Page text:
New Year, New Office: Regulations to Know About

2020 might have been a work year unlike any other in distant memory, and it’s no exaggeration to say that businesses big and small have experienced dramatic changes to the way they work. Whether you anticipate having staff return to work in the future or have already begun the year with new office policies, we’ve gathered some key workplace regulations you might want a refresher on. With increased concern about workplace safety, now is as good a time as ever to properly consider how you measure against the legislation.

Air conditioners and the TM44 inspection

Since 2002, by law, if your office uses an air conditioning unit with a capacity exceeding 12kW, you’ll need to have it inspected at a minimum of 5-year intervals. This applies even if you have several smaller air conditioners, if their combined capacity is over 12kW. The TM44 inspection is to ensure that your air conditioner is actually working efficiently, which not only saves business owners money, but also protects the environment.

Fines for noncompliance can be up to £300, so it’s worth checking to see if you’re due an inspection – a government database should have a record of the last inspection in case of older units. Finally, with warmer temperatures just around the corner, it’s simply a good idea to have peace of mind that your employees are not going to be sweltering on site due to an underperforming air conditioner!

Personal protective equipment regulations

If you’re a small business owner, you’ve likely already given some thought to your obligations when it comes to providing staff with PPE to ensure their safety and reduce the risk of transmitting or contracting the Covid-19 virus. The PPE at work regulations act of 1992 outlines your responsibilities. If you oversee a typical office space (i.e. your employees are not facing obvious risk and exposure such as they might in a hospital setting, for example) then it may be sufficient to provide basic PPE, as well as instructions on their correct use.

Given the challenges around Covid, you might need to make allowance for moving desk positions, providing free masks and hand sanitizer, or setting up single lane traffic in potentially crowded spaces such as corridors. It is a requirement that any protective equipment offered should be free of charge for the employee.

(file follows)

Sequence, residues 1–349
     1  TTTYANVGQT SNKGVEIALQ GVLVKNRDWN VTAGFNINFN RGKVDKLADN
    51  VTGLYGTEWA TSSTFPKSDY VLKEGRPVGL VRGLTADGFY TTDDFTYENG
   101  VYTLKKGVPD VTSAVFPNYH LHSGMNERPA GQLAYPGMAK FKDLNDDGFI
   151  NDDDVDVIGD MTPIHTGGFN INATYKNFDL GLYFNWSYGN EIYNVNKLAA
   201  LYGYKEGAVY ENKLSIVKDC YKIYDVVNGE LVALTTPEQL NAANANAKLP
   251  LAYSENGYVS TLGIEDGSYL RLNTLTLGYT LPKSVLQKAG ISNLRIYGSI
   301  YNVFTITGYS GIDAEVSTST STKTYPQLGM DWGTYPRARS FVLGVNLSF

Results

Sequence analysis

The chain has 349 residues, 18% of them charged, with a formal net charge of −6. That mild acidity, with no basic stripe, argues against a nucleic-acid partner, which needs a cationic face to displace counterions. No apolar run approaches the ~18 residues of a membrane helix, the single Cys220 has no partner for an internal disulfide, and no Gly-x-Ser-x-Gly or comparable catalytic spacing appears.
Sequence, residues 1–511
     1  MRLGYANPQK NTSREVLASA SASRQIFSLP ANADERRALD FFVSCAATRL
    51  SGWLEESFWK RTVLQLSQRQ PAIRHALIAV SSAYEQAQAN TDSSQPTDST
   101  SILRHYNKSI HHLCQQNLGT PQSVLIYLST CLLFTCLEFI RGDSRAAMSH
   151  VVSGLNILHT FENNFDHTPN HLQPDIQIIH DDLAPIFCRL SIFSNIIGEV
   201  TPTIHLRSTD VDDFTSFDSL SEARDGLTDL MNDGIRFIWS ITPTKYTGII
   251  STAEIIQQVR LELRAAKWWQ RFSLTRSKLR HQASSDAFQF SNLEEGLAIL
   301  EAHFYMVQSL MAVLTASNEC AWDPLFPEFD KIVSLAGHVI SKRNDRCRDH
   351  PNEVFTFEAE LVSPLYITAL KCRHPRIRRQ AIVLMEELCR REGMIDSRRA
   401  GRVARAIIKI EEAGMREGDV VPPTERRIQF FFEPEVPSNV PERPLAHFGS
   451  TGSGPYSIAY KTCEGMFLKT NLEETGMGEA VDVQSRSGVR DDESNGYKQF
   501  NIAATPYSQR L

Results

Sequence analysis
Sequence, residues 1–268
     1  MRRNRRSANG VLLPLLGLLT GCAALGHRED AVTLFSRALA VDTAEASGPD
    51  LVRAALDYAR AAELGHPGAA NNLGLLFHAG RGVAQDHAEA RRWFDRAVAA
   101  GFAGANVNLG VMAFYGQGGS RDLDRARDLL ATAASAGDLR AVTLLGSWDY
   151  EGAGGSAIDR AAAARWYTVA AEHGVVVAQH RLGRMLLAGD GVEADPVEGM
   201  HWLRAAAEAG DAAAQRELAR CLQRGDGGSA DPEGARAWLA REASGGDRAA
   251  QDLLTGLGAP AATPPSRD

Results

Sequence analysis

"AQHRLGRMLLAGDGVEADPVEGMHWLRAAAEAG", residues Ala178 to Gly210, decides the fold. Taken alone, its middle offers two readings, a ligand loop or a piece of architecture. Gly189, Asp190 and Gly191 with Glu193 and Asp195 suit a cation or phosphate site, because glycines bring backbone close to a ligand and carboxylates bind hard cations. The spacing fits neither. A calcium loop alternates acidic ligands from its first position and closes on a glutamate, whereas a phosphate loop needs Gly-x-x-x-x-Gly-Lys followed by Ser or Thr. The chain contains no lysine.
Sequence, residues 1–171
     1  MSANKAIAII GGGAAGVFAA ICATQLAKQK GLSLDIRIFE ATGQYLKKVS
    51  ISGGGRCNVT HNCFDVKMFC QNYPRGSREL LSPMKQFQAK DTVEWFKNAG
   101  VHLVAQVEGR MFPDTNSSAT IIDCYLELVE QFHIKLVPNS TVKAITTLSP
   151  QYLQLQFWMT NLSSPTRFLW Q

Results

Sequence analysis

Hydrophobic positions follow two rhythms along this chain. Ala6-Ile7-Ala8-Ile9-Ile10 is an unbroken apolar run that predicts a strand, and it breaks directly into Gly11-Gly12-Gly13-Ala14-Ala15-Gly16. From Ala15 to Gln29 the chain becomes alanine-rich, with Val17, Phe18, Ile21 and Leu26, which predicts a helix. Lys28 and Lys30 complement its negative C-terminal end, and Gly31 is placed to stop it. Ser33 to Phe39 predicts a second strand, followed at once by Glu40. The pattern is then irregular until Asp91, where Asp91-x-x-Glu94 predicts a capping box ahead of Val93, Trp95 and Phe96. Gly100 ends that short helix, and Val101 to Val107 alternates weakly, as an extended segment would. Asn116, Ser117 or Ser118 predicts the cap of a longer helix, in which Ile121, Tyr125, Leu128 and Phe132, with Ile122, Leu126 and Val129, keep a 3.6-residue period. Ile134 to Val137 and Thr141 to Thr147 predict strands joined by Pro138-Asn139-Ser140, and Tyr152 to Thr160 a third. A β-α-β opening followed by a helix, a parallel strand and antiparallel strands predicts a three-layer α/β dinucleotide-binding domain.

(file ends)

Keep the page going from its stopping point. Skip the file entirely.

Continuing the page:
Check on your screens, chairs and desks setup

It might not look like it, but prolonged office work can be hard on the body, and as a responsible business owner, it’s up to you to make sure you’re protecting your employee’s health and wellbeing as they work at their desks. It’s a good idea to routinely audit your workspace setups.

First, check that the office chairs are in good condition, and that your employees are sitting correctly and comfortably. Invest in adjustable height tables so that employees don’t incur neck or shoulder strain looking at computer screens, which should also be placed at optimal heights. The Display Screen Equipment law of 1992 outlines some legal specifics, but that doesn’t mean you can’t take a few extra steps to make sure your staff are working in safe, ergonomic conditions.

Update your general risk assessment documents

There’s a lot to think about when it comes to creating a healthy, secure and productive office environment, but the priority is always to identify those potential risks to safety and do whatever is necessary to mitigate them. If you haven’t already, draw up a comprehensive risk assessment to guide any health and safety policies in the office.

Even if you have a risk assessment, however, this needs to be regularly updated, since changes to staffing, equipment, or indeed a pandemic, can pose additional challenges that need to be considered. The Management of Health and Safety at Work regulations of 1992 outlines your legal duties as an employer, and concerns the furniture, fittings, safety training and risk exposure of your workplace.

Granted, there are other concerns that might be more relevant for your unique business – such as equality, diversity and disability considerations, building regulations (i.e. things like sanitation and fire safety) and a clear policy for reporting injury or accident at work. Legislature changes often, so even if you have a comprehensive health and safety policy, the new year is still a perfect opportunity to brush up on your duties as an employer. This will not only keep your conscience clear but avoid any nasty surprises or fines down the line, as well as encourage your employees to feel safe and comfortable, which can only have positive effects on their productivity.